Rukh, which means direction, has been astutely used as a metaphor in debutant director Atanu Mukherjee's film.
But, on the face of it, the film is about a son's quest to know the truth about his father's death. It is his internal journey.
Three years after being rusticated from his school for ruthlessly injuring his classmate, Dhruv Mathur finds himself at a loose end when he hears of his father's accident and subsequent death. Not that he has a strong bond with his father, but then how the death and accident is hushed up by everyone, including his mother is what makes him and the audience curious.
Following his own instincts, Dhruv tries to investigate his father Diwakar's accident and in the process, he comes across some home truths; that his father was "a good man, a man of his word," and that he was under pressure for want of funds because his best friend and business partner Robin (Kumud Mishra) had betrayed him.
Now that Robin is trying to frame his dead father in a money laundering scam, makes him assume that his father's accident was staged and that he was actually murdered. With this preconceived notion, he sets out on a journey of redemption and self-reconciliation.
Set in a melancholic tone, Rukh excels as a fine example of a neo-realism film. It subtly captures the time and the current political scenario with flourish. But the screenplay by Akash Mohimen and Atanu Mukherjee falls short in its endeavour as it pursues to convert the drama into a mystery thriller. The wrinkles in the mystery quotient seem forced and is probably what sets in the irritant factor.
But what makes the film fulfilling are the performances. Manoj Bajpayee is too passive a character to leave much of an impression. But he leaves his mark in a scene opposite Kumud Mishra, who plays Robin, where both of them accuse each other of extracting their pound of flesh.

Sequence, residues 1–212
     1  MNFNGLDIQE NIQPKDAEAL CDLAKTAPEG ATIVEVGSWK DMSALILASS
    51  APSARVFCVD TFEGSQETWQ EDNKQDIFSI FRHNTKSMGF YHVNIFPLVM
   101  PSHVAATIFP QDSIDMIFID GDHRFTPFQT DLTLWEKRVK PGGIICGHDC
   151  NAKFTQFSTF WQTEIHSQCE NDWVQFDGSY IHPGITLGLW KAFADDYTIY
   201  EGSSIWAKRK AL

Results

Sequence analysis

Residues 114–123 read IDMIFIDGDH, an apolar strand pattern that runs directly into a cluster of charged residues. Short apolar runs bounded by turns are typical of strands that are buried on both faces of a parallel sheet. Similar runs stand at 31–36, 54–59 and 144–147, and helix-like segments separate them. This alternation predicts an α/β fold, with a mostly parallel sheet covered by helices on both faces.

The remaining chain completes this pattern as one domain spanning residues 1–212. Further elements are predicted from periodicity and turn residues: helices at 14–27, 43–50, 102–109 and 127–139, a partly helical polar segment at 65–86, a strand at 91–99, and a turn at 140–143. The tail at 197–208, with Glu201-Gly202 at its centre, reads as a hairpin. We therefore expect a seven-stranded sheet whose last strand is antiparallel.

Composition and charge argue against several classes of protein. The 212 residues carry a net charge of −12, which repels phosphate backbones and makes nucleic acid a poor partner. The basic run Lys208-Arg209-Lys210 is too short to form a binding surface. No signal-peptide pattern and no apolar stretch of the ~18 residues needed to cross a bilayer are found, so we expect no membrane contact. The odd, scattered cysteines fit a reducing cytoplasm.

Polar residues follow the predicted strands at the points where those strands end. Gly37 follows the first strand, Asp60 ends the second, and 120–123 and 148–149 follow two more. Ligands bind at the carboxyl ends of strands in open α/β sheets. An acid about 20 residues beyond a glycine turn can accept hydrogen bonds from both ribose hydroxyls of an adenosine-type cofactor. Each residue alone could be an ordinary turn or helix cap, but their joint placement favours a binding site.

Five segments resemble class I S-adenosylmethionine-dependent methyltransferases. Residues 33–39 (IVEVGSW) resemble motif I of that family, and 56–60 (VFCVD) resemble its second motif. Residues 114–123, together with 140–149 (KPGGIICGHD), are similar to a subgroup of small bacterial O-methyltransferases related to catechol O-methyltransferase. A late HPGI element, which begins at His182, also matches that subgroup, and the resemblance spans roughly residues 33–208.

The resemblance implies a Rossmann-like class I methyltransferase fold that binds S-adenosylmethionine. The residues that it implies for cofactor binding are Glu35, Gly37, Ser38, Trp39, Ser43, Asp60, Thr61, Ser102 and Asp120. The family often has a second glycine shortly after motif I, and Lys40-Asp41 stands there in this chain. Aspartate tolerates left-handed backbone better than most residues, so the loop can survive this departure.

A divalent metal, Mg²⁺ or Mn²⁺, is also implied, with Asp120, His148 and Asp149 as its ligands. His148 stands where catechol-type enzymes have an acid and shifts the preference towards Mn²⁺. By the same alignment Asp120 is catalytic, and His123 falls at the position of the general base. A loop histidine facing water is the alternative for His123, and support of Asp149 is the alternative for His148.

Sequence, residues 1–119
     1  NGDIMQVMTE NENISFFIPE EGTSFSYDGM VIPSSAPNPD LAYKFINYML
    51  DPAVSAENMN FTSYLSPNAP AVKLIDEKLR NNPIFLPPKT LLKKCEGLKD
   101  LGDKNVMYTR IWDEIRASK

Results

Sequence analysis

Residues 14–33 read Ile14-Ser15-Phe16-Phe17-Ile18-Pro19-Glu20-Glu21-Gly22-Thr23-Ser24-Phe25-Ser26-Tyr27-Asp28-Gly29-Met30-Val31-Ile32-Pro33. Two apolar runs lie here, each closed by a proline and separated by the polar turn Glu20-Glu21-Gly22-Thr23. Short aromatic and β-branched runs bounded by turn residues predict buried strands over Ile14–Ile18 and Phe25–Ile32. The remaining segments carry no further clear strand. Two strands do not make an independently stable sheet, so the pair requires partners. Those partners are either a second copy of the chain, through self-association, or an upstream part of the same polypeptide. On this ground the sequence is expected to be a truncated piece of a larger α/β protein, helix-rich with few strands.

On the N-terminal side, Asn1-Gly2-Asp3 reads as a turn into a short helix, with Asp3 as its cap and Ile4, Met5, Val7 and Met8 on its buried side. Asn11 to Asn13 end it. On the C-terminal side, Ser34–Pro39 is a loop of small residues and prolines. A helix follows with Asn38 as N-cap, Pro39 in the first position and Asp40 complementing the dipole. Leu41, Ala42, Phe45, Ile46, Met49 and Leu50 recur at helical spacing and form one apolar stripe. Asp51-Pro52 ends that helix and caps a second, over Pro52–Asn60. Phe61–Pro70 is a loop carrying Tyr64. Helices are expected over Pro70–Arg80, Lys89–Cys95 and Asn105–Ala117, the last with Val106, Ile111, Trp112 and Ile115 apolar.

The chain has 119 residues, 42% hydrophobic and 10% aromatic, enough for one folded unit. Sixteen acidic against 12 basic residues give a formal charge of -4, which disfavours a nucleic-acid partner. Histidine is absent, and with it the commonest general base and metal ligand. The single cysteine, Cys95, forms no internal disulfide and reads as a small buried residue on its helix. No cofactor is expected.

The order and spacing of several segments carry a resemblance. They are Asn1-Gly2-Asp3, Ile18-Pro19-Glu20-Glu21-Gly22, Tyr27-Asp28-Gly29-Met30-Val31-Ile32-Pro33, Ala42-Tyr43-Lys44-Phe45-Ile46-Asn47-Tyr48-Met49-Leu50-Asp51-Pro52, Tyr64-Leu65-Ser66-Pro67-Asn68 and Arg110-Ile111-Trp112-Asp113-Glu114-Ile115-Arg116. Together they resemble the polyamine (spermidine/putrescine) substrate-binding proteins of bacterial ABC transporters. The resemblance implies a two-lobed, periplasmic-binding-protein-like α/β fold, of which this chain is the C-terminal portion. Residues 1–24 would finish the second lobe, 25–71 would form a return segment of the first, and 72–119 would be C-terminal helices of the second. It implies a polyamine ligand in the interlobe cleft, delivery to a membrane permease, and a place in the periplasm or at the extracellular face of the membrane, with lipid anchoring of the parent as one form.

Kumud is a charismatic actor, but as the slimy Robin, he is deadpan, yet effective. Smita Tambe as Nandini, Dhruv's mother, is realistic and relatable.
Adarsh Gourav is a compelling actor. He portrays Dhruv's anguish and anger with flourish, while being obsessed with unearthing the mystery shrouding his father's death. Those are the only two emotions the script allows him to display. His backstory seems forced, just inserted in a formulaic fashion to build his character.
The others in the supporting cast like Jayant - Diwakar's accountant, Hassan and Shinde - Diwakar's labourers and Amit - Dhruv's friend, have their moments of on-screen glory. Each one of them is natural and they stand out for their soulful delivery.
On the technical front, the production design is simply realistic and awe-inspiring. Pooja Gupte's camera work seems to be non-intrusive making the entire viewing experience natural.
The two songs, Hai Baaki and Khidki, along with the background score by Anjo John, merge well with the narrative elevating the viewing experience.